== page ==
The Game of 49’s Mark Corsey on why game design is as much about endurance as it is about invention

Since becoming a published game designer, Mark Corsey has had to stop saying, “hey, don’t look at me, I didn’t make the rules!”

Seven years after having the idea for The Game of 49, it finally landed on shelves courtesy of Breaking Games, and his follow-up, a house of cards game called Deck Construction, is due out later this year – almost 20 years since the concept first came to him.

We caught up with Corsey to find out more about the story behind his first published game, and why the design process is as much about endurance as it is about invention. Oh, and he assures us that in game playing and in general, he plays by the rules; he only dresses like an outlaw.

What is your history in the world of game design?
The Game of 49 is my first published design. My second, Deck Construction, is slated for publication later this year. Both are from Breaking Games, and they share a similar backstory in that each was designed years before being published.

I created 49 in 2009 but didn’t find a publisher and so put it aside. The feedback from my ongoing playtesting was consistently positive though, so in 2014 I took the do-it-yourself approach and Kickstarted the game – with a $4,900 goal, of course – and produced a small print run.

Deck Construction, my ‘newer’ game, actually predates 49 by about a decade; I created it in the late 1990s. There was interest from a small mainstream publisher at the time but in the end, no sale.

I revisited the design several times over the years, but the Breaking Games edition will be very consistent with my original design of twenty years ago. I like to think that both games were inspired by Pinocchio, in that they spent their time on my shelf dreaming of someday becoming a ‘real toy’ that people could play with – and that I’ve made their dreams come true, just as they’re fulfilling my dream of being a published game designer.

Where did the idea for The Game of 49 come from?

At a game night at a friend’s house I was introduced to an old-school game called The Game of 99. It’s a 5-in-a-row game played on a 10 x10 square pegboard and driven by number cards. (The same game has been reissued several times, most recently as 5ive Straight.)

I liked the game immediately – not least because I won it my first time at the table – but I felt that luck of the draw played too big a role. So 49 grew from an ‘I like this game, but what if…?’ moment.

Can you talk us through some of the key design decisions behind The Game of 49?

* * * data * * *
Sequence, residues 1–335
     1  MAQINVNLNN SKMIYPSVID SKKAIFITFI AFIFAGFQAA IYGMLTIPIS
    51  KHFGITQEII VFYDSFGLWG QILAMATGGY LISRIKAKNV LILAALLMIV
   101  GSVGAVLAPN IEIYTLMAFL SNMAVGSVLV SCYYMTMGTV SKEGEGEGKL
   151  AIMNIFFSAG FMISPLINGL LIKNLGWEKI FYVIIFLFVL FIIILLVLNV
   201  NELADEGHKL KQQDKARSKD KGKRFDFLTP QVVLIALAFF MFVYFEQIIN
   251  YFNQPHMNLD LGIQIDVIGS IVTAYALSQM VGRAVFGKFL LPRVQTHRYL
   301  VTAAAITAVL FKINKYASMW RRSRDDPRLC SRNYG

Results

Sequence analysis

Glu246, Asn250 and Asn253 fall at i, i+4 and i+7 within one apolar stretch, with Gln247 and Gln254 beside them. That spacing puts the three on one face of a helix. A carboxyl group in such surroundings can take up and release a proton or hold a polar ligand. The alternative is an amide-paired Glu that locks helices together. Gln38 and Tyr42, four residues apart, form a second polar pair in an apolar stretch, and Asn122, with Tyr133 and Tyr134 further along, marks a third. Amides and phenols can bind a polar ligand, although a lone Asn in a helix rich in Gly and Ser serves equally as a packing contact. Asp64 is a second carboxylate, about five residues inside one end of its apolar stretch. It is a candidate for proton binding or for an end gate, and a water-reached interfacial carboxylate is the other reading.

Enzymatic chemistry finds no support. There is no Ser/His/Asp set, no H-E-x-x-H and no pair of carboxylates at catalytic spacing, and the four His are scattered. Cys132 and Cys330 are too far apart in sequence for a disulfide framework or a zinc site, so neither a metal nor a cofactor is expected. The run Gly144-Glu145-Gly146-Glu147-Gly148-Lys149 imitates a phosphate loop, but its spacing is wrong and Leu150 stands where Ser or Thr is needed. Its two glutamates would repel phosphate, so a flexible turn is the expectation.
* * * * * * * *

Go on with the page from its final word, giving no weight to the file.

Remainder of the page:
My first goal was to make players compete for every card as it came available, rather than being able to claim a good card just by drawing it; hence, the auction mechanic in 49. I decided on a smaller board and a faster win condition to keep the playing time short – a 7 x 7 board instead of 10 x 10, and a 4-in-a-row objective instead of 5-in-a-row.

I also chose the 49-square board because having an odd number of rows and columns creates a single centre space that can function in some special way. In the case of 49, that centre space evolved to be both the most vulnerable and, potentially, the most powerful on the board, so players agonise when deciding how much to bid for it. Did I mention that I love making players agonise?

Other particulars, such as minimum bid amounts for number cards and payoff amounts for wild cards, fell into place relatively quickly once I’d settled on the broader parameters.

I’ll anticipate an unasked question by saying: No, I never thought seriously about giving the game a theme. I like the simplicity and familiarity of a numbered grid. Everyone has played bingo or snakes and ladders, so newcomers feel comfortable with 49 right away, even after they discover that the gameplay has a good deal more depth than meets the eye.

One of my most gratifying experiences to date was seeing how quickly a group of students from Japan understood the game despite having a limited mastery of English. I’m very pleased with how accessible the no-theme implementation has been.

How do you stay creative?

Staying creative to me means, mostly, ‘staying’. Staying at it. Like a lot of folks, I have plenty of game ideas. But marshalling an idea from concept to completion involves at least as much endurance as invention.

Do you think the games space is in a good place creatively at present?
As a once-published tabletop designer – someone for whom this work is a passion but not (yet!) a profession – I can only claim limited insight into the overall games space.

It seems safe to say that tabletop game players enjoy an embarrassment of riches at the moment. And aspiring designers have access to more peer support and professional training, and more opportunities to publish or self-publish, than at any time in my experience.

With so many good new games flooding the market, others inevitably get washed away too soon. But in spite of that, I see these as the good old days, and I’m enjoying them.

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